What’s up with John’s outfit?
Mark describes John as an eccentric figure. He behaves weirdly, he eats strange things, and he wears clothes that are… unique to say the least. And yet, as strange as he is, Jesus welcomes it. And nowhere in this passage does Jesus ask John to change who he is in order to serve. That the writer of this gospel makes a point to describe John’s clothing is a clue that perhaps people found him odd. After all, he snacks on locusts and wild honey. It would be easy for someone to write him off.

What questions do you still have of this scripture? How will you commit to journeying with this text this week?


In February, Michael Jordan gave a passionate and heartfelt speech about his friend and little brother Kobe Bryant. Bryant was killed in a horrific helicopter accident earlier this year. With eyes filled with tears, he began to reflect on his relationship with Bryant. He saw Bryant not as someone who was replacing him or his competition. He saw Bryant as a little brother who would “get in your stuff, your shoes. But that nuisance turned into love over a period of time.” He recalled a story where they went to see Phil Jackson and Kobe asked, “Did you bring your shoes?” Jordan wasn’t thinking about playing at all. In Jordan’s narration of the story,
Bryant’s “attitude to compete and play against someone he felt could enhance and improve his game.” Choking back tears, Jordan, arguably the most skilled player ever said “I can’t wait to get home to become a GirlDad… Kobe taught me that by how he responded and reacted with the people he loved. These are the things that we will continue to learn from him.”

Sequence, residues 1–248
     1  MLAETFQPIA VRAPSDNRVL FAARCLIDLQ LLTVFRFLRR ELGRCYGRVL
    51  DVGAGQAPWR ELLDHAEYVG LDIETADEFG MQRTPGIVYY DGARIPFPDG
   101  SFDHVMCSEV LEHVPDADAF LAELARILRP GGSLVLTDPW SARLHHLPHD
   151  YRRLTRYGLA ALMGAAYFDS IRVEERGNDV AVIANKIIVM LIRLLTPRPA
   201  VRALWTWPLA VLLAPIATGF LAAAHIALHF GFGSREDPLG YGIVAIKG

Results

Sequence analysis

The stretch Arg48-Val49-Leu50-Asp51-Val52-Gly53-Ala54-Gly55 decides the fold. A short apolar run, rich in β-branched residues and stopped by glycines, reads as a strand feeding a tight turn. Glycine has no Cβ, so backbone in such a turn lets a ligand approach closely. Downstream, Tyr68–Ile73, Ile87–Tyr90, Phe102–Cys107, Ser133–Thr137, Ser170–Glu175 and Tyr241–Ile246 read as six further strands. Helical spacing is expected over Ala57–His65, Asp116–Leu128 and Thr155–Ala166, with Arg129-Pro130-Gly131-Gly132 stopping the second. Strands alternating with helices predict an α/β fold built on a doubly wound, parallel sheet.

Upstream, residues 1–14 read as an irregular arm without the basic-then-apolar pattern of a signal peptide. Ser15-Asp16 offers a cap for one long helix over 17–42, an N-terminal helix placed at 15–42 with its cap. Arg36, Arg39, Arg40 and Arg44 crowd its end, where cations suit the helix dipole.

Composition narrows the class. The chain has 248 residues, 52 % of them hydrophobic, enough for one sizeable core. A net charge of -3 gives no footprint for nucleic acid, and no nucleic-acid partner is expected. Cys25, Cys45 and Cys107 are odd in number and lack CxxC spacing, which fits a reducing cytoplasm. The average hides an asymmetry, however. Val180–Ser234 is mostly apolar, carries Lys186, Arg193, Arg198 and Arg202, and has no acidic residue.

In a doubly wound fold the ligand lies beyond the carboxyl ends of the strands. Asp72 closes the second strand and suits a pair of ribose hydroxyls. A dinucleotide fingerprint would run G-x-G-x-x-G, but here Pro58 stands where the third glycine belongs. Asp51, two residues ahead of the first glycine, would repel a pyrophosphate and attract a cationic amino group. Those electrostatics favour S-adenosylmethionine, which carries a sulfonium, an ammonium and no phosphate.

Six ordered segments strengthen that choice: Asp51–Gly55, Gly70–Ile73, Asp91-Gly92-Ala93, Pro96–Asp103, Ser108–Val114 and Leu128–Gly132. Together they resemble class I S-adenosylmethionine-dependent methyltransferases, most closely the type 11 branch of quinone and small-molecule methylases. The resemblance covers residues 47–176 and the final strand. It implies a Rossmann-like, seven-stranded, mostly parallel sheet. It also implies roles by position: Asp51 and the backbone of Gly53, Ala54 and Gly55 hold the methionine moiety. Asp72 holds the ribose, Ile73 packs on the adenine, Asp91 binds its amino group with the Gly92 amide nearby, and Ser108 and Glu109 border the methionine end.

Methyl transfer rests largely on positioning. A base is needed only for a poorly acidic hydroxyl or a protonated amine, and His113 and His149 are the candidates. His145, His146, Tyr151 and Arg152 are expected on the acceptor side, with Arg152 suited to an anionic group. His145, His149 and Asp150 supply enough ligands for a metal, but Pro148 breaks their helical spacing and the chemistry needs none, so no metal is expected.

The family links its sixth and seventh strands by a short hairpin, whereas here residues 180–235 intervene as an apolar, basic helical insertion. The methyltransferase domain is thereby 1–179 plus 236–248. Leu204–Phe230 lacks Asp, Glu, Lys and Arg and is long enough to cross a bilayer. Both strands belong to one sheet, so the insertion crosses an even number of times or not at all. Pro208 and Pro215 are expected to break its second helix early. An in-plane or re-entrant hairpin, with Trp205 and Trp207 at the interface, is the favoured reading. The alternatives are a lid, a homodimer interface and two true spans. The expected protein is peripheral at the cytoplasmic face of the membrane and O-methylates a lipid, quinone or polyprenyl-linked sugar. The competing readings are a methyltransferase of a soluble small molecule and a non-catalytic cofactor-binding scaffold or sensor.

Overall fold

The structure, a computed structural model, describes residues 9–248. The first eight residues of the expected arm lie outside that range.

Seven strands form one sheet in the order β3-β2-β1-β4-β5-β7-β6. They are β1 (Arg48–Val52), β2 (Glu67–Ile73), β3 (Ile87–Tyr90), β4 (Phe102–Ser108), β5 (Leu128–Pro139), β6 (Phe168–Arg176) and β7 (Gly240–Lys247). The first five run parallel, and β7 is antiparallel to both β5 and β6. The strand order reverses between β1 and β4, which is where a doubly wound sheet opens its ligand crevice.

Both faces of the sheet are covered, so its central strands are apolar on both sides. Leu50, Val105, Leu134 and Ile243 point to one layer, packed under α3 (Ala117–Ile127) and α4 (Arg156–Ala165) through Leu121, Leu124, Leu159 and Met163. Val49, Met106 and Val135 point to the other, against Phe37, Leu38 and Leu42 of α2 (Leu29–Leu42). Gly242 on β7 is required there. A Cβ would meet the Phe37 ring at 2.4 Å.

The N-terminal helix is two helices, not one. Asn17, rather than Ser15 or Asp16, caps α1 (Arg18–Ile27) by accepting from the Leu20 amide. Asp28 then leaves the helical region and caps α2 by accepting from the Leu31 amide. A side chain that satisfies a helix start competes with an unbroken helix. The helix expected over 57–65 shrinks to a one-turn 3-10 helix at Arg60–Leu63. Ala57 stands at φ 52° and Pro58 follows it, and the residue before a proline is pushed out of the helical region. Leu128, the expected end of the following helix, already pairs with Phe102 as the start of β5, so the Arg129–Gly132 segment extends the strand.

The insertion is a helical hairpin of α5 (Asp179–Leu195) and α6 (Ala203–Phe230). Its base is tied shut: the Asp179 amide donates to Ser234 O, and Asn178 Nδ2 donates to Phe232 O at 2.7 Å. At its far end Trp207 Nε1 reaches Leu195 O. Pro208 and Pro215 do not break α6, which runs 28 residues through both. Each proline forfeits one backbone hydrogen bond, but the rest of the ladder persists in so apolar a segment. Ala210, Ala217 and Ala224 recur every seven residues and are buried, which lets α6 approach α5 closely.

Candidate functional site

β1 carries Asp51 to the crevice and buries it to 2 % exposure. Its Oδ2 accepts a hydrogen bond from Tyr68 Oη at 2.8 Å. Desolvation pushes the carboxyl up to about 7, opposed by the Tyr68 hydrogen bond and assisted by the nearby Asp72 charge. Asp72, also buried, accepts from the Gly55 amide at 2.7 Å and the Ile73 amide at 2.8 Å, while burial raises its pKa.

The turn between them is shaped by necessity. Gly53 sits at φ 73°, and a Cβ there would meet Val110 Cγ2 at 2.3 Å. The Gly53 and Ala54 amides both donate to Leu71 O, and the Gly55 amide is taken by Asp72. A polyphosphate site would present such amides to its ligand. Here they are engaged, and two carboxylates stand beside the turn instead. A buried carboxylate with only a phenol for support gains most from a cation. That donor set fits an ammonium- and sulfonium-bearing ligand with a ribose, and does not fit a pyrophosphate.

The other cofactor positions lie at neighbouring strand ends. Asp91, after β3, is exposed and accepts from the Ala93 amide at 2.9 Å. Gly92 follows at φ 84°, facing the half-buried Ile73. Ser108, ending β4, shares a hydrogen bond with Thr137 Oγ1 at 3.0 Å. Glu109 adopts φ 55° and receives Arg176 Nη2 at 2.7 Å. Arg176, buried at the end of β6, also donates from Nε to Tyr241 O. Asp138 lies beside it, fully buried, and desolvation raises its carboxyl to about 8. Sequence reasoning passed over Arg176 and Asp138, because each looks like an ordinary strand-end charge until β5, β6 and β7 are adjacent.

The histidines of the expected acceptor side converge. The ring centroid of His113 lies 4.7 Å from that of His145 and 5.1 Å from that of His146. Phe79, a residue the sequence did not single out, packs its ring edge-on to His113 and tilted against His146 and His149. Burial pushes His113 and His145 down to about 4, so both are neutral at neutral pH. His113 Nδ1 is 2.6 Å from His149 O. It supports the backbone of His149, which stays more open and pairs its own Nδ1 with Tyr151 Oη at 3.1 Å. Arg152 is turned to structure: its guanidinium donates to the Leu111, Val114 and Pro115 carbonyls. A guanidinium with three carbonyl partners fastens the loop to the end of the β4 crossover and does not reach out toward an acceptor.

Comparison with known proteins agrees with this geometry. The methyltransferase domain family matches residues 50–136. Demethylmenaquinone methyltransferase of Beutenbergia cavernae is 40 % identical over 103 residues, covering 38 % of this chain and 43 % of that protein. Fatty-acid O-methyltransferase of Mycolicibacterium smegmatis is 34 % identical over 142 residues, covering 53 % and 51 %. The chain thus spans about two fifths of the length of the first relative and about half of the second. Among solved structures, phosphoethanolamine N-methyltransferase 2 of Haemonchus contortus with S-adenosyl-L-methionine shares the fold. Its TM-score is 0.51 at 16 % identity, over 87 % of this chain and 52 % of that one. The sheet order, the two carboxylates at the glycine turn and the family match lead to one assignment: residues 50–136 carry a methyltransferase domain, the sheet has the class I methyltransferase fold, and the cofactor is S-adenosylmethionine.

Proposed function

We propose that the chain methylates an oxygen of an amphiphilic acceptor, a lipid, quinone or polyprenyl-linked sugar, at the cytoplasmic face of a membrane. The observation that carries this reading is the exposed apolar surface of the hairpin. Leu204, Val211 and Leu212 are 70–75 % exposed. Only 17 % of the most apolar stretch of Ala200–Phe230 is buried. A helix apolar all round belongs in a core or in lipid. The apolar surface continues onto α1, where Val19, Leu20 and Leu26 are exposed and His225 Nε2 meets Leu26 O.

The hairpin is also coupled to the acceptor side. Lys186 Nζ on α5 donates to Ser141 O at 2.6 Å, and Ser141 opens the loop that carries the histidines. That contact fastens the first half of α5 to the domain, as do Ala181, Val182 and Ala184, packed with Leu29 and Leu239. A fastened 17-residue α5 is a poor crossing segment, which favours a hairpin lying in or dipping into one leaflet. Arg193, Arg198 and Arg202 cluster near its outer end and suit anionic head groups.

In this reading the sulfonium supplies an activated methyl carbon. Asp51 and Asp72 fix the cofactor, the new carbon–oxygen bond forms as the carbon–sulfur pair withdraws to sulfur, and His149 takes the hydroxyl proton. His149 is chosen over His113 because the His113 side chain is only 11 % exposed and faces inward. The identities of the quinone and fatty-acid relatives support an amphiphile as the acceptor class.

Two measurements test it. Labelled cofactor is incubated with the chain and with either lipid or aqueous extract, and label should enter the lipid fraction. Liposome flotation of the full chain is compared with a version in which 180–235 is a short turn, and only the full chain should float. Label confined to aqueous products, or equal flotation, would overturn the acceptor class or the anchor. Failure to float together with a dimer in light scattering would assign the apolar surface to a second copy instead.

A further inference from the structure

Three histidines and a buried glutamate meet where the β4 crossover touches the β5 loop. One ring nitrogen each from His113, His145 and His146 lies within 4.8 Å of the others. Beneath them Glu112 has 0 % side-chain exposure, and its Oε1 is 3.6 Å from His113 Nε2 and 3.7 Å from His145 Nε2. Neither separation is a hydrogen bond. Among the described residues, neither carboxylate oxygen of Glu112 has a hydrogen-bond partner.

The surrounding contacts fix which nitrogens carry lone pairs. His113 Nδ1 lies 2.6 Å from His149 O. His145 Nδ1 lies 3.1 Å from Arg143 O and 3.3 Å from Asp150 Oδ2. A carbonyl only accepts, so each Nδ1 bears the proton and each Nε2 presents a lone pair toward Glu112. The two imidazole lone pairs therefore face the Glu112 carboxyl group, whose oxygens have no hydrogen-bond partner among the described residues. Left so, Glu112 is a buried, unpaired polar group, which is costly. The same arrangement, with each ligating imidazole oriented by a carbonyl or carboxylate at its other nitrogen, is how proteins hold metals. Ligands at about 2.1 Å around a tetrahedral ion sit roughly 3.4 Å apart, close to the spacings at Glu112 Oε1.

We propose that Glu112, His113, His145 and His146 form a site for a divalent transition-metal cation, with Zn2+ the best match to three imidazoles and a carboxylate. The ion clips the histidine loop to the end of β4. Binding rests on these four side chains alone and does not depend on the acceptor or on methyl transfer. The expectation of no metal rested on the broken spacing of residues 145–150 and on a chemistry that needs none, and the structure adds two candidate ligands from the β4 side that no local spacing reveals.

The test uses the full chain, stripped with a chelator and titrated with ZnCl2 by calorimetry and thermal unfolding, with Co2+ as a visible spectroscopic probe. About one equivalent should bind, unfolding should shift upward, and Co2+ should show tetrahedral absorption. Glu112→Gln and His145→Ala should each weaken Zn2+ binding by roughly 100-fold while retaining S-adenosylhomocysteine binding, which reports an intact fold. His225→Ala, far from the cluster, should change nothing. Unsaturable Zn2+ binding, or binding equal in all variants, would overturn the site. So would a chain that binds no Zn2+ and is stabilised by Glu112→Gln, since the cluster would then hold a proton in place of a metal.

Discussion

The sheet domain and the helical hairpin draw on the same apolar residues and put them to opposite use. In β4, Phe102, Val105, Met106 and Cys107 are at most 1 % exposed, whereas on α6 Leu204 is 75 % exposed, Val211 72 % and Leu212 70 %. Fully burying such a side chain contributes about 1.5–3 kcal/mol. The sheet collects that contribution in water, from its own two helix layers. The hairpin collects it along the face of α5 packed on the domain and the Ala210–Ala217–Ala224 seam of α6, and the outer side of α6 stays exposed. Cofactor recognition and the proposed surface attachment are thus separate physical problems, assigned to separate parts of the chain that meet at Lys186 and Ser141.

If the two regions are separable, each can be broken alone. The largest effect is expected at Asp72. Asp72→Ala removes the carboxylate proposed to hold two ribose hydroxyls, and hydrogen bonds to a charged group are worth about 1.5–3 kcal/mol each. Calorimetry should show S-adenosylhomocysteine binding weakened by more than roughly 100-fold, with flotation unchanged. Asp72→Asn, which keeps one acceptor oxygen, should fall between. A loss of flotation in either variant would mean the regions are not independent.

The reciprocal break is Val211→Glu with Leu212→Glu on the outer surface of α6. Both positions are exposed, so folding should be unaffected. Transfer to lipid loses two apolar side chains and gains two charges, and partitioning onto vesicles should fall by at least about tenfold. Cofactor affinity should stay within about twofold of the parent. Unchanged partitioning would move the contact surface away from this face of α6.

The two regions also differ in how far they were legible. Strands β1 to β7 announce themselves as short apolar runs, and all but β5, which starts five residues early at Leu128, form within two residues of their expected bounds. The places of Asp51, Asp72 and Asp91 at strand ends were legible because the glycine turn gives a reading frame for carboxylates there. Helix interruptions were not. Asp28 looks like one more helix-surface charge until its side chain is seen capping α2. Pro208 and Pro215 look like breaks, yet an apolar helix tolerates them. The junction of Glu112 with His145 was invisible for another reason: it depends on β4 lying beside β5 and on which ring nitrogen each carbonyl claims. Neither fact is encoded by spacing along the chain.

Journal: Can you think of someone who taught you something unexpectedly? What did that person teach you?

Closing: Sing/watch “Believe in Yourself,” sung by Lena Horne.

If you believe within your heart, you’ll know
That no one can change
The path that you must go
Believe what you feel
And know your rights because
The time will come around
When you’ll say it’s yours
Believe that you can go home
Believe you can float on air
Yes, click your heels three times
If you believe
Oh, then you’ll be there
That’s why I want you to
Believe in yourself, yes
Right from the start
You got to believe, believe in the magic
Right there in your heart
Go ahead believe all these things
Not because I told you to, no
Believe in yourself, oohh yes
Believe in yourself
Believe in yourself, as I believe in you

PRAYER: Dear God, You are the God of Then, Now, and Later. You are the God of our ancestors, of our peers, of our future descendants. You are bigger than time and you are time itself. You break into time and hold time. We are often encouraged to compete with each other. We are socialized to size each other up and to compete beyond healthy limits. We are even discouraged from working together because this world only lets one of us win at a time.
God, help us to take the advice from Jesus and John. Help us to be humble enough to submit to trust the leadership of our peers. No matter what we look like or how we dress, we know that you have hopes for us. In Jesus’ name we pray, Amen.

Works Cited